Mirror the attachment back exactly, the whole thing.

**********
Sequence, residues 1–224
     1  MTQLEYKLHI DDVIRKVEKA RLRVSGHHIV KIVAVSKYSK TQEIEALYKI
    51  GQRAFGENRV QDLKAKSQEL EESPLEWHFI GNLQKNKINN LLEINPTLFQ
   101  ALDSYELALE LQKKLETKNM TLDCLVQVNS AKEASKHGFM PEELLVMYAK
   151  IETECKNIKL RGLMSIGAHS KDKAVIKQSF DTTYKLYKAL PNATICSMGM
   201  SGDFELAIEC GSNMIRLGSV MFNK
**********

Sequence, residues 1–224
     1  MTQLEYKLHI DDVIRKVEKA RLRVSGHHIV KIVAVSKYSK TQEIEALYKI
    51  GQRAFGENRV QDLKAKSQEL EESPLEWHFI GNLQKNKINN LLEINPTLFQ
   101  ALDSYELALE LQKKLETKNM TLDCLVQVNS AKEASKHGFM PEELLVMYAK
   151  IETECKNIKL RGLMSIGAHS KDKAVIKQSF DTTYKLYKAL PNATICSMGM
   201  SGDFELAIEC GSNMIRLGSV MFNK